On a similar note, why do we have so many vSwitches in the world? When Nicira was locked out of the VMware ecosystem by a proprietary vSphere architecture, they built a great open vSwitch, which is appropriately called OVS. It is now at the heart of VMware’s NSX multi-hypervisor offering and is gaining tremendous mindshare. But the only way to use OVS with over 60 percent of the VMs in the world is to buy NSX, as VMware continues to cut out the open community from the vSphere party. I love VMware for so many reasons. I love vSphere, I love OVS and I love how they are investing in making vSphere a real choice in an OpenStack infrastructure. I call on VMware to give OVS equal status (kernel access) as vDS, and the proprietary vSwitches they’ve let Cisco, IBM and HP build. Be open. Let the next Niciras innovate.
I’m putting a spotlight on Cisco and VMware, but I challenge every vendor with a proprietary SDN controller to either clearly articulate why they have found a game-changing technology no one else has, or work with the open source community to improve the one we’ve got and make it core to their offering. “Open” isn’t just a word to dress-up product data sheets. Open represents a real set of attributes that really matter to end users. Interoperability isn’t easy, it’s hard.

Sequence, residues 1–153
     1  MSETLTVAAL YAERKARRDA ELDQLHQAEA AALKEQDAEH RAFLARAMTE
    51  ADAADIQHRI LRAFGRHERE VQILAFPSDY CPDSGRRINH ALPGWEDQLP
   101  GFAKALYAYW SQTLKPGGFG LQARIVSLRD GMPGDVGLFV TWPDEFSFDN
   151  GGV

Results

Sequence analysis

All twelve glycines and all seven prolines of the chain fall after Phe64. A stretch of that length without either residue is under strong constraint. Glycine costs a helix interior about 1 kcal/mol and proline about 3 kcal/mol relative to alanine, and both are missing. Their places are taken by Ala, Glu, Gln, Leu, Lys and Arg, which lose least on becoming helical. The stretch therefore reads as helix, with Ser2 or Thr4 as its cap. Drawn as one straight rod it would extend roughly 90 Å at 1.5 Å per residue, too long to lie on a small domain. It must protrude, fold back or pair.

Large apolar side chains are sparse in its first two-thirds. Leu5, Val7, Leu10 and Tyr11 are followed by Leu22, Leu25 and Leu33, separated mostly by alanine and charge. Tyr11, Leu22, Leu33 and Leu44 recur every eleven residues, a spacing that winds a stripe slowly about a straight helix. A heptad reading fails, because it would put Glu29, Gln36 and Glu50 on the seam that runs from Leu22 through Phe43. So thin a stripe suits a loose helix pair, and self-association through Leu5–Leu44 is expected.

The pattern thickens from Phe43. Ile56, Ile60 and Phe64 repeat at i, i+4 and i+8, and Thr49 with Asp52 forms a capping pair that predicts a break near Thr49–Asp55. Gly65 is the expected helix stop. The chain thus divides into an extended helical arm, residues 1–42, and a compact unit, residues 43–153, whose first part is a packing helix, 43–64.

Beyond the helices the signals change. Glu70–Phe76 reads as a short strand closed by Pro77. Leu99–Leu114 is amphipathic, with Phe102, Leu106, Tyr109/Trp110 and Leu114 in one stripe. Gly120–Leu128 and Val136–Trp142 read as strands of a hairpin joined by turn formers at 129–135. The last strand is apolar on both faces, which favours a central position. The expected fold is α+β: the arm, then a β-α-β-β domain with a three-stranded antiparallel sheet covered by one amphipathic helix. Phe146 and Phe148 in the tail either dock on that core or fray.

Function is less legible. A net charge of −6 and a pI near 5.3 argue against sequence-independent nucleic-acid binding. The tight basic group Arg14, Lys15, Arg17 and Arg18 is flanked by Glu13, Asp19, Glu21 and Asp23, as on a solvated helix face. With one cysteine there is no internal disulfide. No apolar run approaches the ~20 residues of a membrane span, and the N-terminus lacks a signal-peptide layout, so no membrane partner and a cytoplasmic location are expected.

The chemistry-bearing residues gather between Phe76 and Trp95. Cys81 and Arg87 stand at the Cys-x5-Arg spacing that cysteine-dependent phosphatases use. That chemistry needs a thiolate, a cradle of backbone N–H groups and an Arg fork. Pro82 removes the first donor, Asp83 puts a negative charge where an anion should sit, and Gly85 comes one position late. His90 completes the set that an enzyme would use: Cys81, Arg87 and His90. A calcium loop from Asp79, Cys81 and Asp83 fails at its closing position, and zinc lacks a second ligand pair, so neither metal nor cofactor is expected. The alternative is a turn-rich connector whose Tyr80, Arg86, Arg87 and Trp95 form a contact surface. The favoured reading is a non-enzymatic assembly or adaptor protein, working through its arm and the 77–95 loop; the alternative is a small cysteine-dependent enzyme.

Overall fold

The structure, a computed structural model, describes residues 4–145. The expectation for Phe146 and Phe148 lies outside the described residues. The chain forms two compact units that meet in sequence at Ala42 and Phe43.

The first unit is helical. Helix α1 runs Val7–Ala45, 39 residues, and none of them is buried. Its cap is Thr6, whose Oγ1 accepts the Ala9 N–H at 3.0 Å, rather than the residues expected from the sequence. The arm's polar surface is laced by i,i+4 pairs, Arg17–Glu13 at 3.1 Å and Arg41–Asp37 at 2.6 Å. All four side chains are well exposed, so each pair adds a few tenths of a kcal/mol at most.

We don’t need 30 SDN controllers in the world. They all do pretty much the same thing and customers don’t want to pay a dime for the controller. The value is in the network services, the hardware and the management layer. Not the controllers.
We are on the cusp of something big. Now is the time for vendors of networking technology to walk the walk. As an industry we sorely need a common SDN platform. I see a world where customers have a great range of technologies, built around a range of valid models, but that are all based on one common code base. I believe that newer technologies and approaches will need to co-exist with older technologies and protocols.
This is why we need an SDN platform with the ability to work with a wide range of protocols, not just OpenFlow, OVSDB or Netconf. I have yet to hear a compelling reason why this is not the right vision for the industry, just a lot of comments that it’s hard to pull off. No kidding. But the OpenDaylight community is well on the way to achieving this vision. We will achieve it if we continue to get more contributors and more people sharing opinions, but also if more people listen and change their opinions. Together we can change the world.
Neela Jacques is Executive Director at OpenDaylight Project